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India’s Airline Industry Goes From Boom to Bust

5 minute read
Nandini Lakshman / Mumbai

A few years ago, India’s airline industry was flying high. A booming economy made India one of the fastest growing and most competitive aviation markets in the world. Six new carriers launched while established airlines laid on new routes and bought new jets. In the last four years, Indian carriers ordered 400 Boeing and Airbus jetliners worth about $37 billion.

Brace for impact. The global recession has hit air carriers everywhere, but a sharp decline in passenger numbers is especially bad news for India. With oil prices rising to $73 a barrel, Indian airlines — which carry just 2% of the world’s passengers — could sustain more than $2.5 billion in losses this year, accounting for one-fourth of the projected $9 billion in losses for the entire industry, according to the International Air Transport Association. Weighed down by overcapacity, debt and the government’s refusal to provide bailouts, Indian carriers are being forced to slash their operations and reduce ticket prices. “Indian aviation is undergoing a regime change in just four years,” says Kapil Kaul, chief executive officer the Center for Asia Pacific Aviation, a New Delhi-based research firm.

(Read Indian business news here.)

That change includes deferring aircraft deliveries, cancelling orders, rationalizing routes and trimming staff to stave off financial collapse. “It’s going to be tough, but we mean business,” says Praful Patel, India’s civil aviation minister. At the same time, three of the country’s largest carriers — state-owned Air India, and private players Jet Airways and Kingfisher — are trying to attract more passengers by turning their full-service domestic fleets into budget businesses. In January, India’s budget airlines fleet totaled 75 jets, compared with 120 full-service planes. The Center for Asia Pacific Aviation’s Kaul reckons that by the end of the year, the skies will be dominated by up to 160 low-fare jets as companies switch to budget operations.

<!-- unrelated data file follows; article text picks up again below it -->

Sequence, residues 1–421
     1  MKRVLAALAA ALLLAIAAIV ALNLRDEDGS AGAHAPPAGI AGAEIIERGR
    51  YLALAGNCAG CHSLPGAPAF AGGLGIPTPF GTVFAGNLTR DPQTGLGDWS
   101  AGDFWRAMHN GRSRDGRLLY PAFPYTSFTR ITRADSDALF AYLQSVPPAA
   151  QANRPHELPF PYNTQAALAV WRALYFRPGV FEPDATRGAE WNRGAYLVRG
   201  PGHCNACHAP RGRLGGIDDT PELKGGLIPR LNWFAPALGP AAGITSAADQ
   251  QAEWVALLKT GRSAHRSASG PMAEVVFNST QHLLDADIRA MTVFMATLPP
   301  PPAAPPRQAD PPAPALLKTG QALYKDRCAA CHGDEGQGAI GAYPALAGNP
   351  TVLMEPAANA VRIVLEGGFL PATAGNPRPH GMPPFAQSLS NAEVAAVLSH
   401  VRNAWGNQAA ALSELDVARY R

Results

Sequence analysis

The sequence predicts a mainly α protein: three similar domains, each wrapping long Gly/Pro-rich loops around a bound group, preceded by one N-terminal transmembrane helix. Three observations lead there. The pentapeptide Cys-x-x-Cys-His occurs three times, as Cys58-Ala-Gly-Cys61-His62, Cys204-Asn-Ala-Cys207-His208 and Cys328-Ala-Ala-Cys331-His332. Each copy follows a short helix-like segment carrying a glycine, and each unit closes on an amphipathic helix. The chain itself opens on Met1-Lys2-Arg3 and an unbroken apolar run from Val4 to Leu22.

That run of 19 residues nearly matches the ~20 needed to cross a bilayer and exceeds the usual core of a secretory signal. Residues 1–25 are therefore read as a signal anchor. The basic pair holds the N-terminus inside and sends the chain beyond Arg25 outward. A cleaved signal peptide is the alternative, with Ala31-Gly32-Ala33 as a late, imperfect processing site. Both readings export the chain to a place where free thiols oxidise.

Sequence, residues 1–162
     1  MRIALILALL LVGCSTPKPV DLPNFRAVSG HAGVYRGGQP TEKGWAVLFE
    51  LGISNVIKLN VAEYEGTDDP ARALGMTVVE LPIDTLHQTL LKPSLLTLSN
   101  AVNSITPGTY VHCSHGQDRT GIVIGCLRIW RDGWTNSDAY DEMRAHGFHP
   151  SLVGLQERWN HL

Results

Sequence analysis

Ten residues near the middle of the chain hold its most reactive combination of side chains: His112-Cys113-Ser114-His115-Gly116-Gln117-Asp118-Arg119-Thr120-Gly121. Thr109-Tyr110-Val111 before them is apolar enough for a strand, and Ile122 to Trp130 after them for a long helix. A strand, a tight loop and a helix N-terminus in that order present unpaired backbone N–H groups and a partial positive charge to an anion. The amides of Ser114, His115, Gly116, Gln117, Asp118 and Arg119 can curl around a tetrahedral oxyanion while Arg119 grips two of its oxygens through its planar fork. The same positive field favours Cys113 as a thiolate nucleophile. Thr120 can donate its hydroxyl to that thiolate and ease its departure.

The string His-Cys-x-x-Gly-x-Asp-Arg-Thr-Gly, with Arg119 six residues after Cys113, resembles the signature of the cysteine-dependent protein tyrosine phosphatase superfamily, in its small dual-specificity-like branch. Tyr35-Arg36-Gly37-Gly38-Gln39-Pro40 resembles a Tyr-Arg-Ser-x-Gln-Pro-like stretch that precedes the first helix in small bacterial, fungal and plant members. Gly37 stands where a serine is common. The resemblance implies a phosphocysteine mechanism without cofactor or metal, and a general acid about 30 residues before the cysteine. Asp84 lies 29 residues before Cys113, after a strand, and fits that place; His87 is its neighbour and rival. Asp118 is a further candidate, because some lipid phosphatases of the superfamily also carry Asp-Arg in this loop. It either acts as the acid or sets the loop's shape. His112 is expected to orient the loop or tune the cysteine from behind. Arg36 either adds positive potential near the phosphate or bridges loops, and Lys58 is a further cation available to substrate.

(Read “Flying India’s Unfriendly Skies”)

Hardest hit by the economic downturn has been national carrier Air India: It reported annual losses of $1 billion in the fiscal year ending March 31, along with an accumulated debt of $3.5 billion; that debt load is expected to rise to $7 billion by 2012 if it takes delivery of 111 new aircraft already on order. Air India alone accounts for 10% of the total projected losses for the global airline industry this year — even though it carries just 0.35% of global traffic. Air India is suffering from an aging fleet and a bloated staff roster of 31,000 permanent employees and 20,000 contract staff; its labor costs amount to 18% of its total operating expense, the highest ratio in the world, according to Patel.

(Read “Altitude Sickness.”)